Bill on judicial accountability
The Union Cabinet after approving the Judges Assets Bill mandating the Chief Justice of India as well as other judges of the Supreme Court and HCs to declare their assets and that of their dependents has swiftly moved on to step 2 of the reforms agenda—a bill designed to make judges accountable for infringements of law. The Cabinet meeting overwhelmingly favoured a law to extend the frontiers of accountability to members of the higher judiciary, dismantling the system where they are treated as holy cows. The accountabiity legislation would seek to introduce a mechanism to inquire into cases of misconduct by judges. At present, the inquiry into any misconduct—be it Mysore sex scandal, Punjab and Haryana HC cash-at-door scam involving judges or Soumitra Sen of Calcutta HC—is done by an in-house panel of three judges appointed by the CJI. The CJI used to receive the findings of the committee and take steps on the administrative side. The steps taken by the CJI in these matters on the administrative side seldom proved a deterrent as judges of the HCs and SC are all constitutional post holders who can be removed only through a cumbersome impeachment motion. The second legislation which may be introduced in the next session of Parliament will be necessary also for enforcement of the Judges Assets Bill. Take for example, the provision in the Judges Assets Bill that provides for adverse consequences a judge would attract if he did not declare assets owned by him and his dependents or when he makes an inadequate or false declaration. Under the voluntary declaration scheme that has been in vogue since 1997, he would attract no penalty. Under the Bill cleared by the Cabinet on Thursday, however, he would be obliged to give an explanation to the CJI. If the CJI finds the explanation unsatisfactory, then he could take action against him as per law, says the Bill which possibly could include drastic constitutional steps. Also, while the information on assets made to the CJI is not to be put in the public domain, the Bill specifically provides freedom to individual judges of HCs and SC to go public with their assets if they so desired. Also, though the Bill accepted the judiciary’s suggestion not to make the assets so declared by the judges amenable to queries under the RTI Act, it proposed that the CJI should declare his assets to the President. Immediately after assuming charge as law minister, Veerappa Moily had promised to chalk out a roadmap for judicial reforms, but was sympathetic to their apprehension that making it public under the RTI Act could lead to frivolous litigation leading to harassment.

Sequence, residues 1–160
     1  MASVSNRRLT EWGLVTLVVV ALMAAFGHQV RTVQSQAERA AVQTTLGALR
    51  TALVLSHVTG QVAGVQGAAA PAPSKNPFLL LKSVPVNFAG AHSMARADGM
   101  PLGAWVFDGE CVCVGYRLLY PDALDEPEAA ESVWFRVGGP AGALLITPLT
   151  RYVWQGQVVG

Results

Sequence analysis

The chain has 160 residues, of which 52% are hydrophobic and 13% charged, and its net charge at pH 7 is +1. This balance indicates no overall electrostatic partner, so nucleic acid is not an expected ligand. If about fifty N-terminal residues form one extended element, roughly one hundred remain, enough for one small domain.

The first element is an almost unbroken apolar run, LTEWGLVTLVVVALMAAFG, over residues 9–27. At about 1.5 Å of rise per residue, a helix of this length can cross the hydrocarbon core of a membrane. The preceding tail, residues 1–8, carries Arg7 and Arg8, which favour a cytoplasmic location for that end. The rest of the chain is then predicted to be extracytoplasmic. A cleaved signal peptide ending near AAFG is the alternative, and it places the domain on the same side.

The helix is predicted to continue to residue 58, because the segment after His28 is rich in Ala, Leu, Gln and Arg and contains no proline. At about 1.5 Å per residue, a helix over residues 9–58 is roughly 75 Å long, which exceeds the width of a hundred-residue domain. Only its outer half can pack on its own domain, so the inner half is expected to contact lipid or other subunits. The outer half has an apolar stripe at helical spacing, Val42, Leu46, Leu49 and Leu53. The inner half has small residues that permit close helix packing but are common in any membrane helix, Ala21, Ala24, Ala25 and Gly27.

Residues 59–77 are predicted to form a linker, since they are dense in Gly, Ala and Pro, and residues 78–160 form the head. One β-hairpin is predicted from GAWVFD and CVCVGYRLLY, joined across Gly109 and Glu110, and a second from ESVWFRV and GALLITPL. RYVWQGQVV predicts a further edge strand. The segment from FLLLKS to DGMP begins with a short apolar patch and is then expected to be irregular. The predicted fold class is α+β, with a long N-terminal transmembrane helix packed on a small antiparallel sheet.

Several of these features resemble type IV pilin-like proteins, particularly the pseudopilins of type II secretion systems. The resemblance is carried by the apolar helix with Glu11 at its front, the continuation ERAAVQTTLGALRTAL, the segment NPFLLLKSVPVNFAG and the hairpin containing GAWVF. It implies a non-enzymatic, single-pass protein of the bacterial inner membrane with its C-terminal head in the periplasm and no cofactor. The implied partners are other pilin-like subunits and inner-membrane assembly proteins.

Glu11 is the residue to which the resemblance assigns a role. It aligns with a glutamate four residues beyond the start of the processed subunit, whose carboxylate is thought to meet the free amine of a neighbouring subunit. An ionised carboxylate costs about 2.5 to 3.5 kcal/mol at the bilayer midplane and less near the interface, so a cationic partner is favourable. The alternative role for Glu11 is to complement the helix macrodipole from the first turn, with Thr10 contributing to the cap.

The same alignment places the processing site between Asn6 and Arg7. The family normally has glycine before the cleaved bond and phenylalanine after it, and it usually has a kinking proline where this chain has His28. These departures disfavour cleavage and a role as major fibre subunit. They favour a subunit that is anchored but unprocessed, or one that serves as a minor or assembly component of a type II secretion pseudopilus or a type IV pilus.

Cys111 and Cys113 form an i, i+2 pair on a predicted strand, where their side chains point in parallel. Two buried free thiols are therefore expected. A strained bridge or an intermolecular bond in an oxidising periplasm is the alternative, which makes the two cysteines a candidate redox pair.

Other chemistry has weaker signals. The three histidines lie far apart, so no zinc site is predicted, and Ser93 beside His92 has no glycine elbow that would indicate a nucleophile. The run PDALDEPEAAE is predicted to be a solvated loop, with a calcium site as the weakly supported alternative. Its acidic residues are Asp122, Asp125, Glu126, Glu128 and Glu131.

Labels: Judicial Reforms India July 2009